Priceline customers can now book American Airlines’ Preferred Seats when booking flights  — a perk unavailable to any other online travel agency.

The seats have standard legroom, are located toward the front of the economy cabin, and usually sell for $4 per flight.

Although travelers can likewise purchase these seats through AA.com, the airline’s mobile apps and airport kiosks, Priceline is the first OTA to get the feature.

That’s because Priceline agreed to bypass GDS partners such as Worldspan and Sabre when selling American Airlines’ tickets, beginning in January 2011, and now books about 2,000 tickets per day using the American Airlines direct-connect.

As a travel agency, online or traditional, if you use the airline’s direct-connect technology, you can sell front-of-the-cabin Preferred Seats.

And, if bypassing global distribution systems such as Sabre, Travelport, and Amadeus in favor of going directly through the airline’s reservation system is against your distribution religion, then you won’t find available any empty chairs — or, in this case, Preferred Seats — to sell.

Control freaks

American Airlines has been battling the GDSs over the direct-connect issue over the last couple of years. Direct-connect has economic benefits — the airline doesn’t have to pay fees to the distribution companies — and it’s a way to assert control and sell ancillary services in the manner the airline chooses.

Preferred Seats is exclusively available to travel agencies that use the airline’s direct-connect technology.

Orbitz and Expedia famously fought against AA direct-connect and lost access to the airline’s flights for a time in 2010 and early 2011, respectively, as contract talks stalled over economics and the direct-connect issue.

These two OTAs currently sell American Airlines’ tickets, as does Travelocity and CheapOair, for example, accessing the flights through the GDSs, but they can’t offer Preferred Seats to their customers.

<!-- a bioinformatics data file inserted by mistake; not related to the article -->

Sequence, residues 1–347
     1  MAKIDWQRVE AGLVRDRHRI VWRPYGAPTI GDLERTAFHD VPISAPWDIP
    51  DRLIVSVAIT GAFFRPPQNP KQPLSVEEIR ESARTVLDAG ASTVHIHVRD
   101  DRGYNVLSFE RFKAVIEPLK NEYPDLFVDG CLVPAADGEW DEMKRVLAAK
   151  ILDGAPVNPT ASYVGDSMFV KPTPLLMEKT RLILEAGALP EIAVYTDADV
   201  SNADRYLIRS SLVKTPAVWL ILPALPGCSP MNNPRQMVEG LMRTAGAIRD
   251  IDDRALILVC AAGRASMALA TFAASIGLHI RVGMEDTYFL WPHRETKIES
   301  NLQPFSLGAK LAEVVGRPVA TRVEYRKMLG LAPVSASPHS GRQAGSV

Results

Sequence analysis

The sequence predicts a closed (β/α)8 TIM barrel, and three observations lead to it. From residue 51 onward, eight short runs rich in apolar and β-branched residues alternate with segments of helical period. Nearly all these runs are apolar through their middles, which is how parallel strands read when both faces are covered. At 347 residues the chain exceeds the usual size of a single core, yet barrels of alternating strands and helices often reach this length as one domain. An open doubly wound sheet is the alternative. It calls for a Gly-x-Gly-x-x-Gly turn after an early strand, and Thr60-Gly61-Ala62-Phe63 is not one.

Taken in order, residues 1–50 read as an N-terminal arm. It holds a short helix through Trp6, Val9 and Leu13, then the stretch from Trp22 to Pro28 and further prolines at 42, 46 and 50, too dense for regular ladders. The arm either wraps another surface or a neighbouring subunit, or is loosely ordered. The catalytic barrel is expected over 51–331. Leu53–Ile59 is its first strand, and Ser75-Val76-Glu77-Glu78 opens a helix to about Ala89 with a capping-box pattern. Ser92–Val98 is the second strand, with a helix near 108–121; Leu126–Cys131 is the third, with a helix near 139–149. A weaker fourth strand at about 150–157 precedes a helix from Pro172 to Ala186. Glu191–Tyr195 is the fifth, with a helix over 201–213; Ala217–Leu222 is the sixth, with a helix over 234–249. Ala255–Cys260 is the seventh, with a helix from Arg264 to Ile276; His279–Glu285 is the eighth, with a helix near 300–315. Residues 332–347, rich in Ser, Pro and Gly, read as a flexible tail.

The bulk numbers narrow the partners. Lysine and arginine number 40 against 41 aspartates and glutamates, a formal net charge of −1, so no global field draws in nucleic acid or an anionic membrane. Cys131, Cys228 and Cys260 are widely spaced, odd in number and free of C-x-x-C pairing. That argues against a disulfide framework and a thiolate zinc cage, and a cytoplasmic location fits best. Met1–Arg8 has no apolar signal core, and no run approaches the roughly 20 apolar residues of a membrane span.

OTAs such as Vegas.com, BookIt.com and others, which use the AA direct-connect, likely are in line to get the Preferred Seats on their sites. So are any travel management companies that are hooked up to the direct-connect.

What’s it all about, Alfie?

If you are a road warrior member of AAdvantage, Priceline’s access to the Preferred Seats likely doesn’t mean very much to you.

If you seek Preferred Seats, you could have already purchased them through AA.com, and premium and full-fare customers already got these seats for free.

So the benefit chiefly is for leisure travelers using Priceline.

And, if you are a casual traveler on a budget, it means increasingly you will find fewer seat choices when checking in and will find yourself seated toward the back of the plane if you don’t want to pay extra for your seat assignments as American Airlines tries to earn incremental money on more-sought-after seat real estate.

Travel businesses hoping that a bankruptcy-distracted American Airlines would abandon all this GDS-dissing, are finding that the airline hasn’t been humbled by its fall at all.

Meanwhile, through August 5, American Airlines is shaving a buck off Preferred Seats, selling them for $3 instead of $4.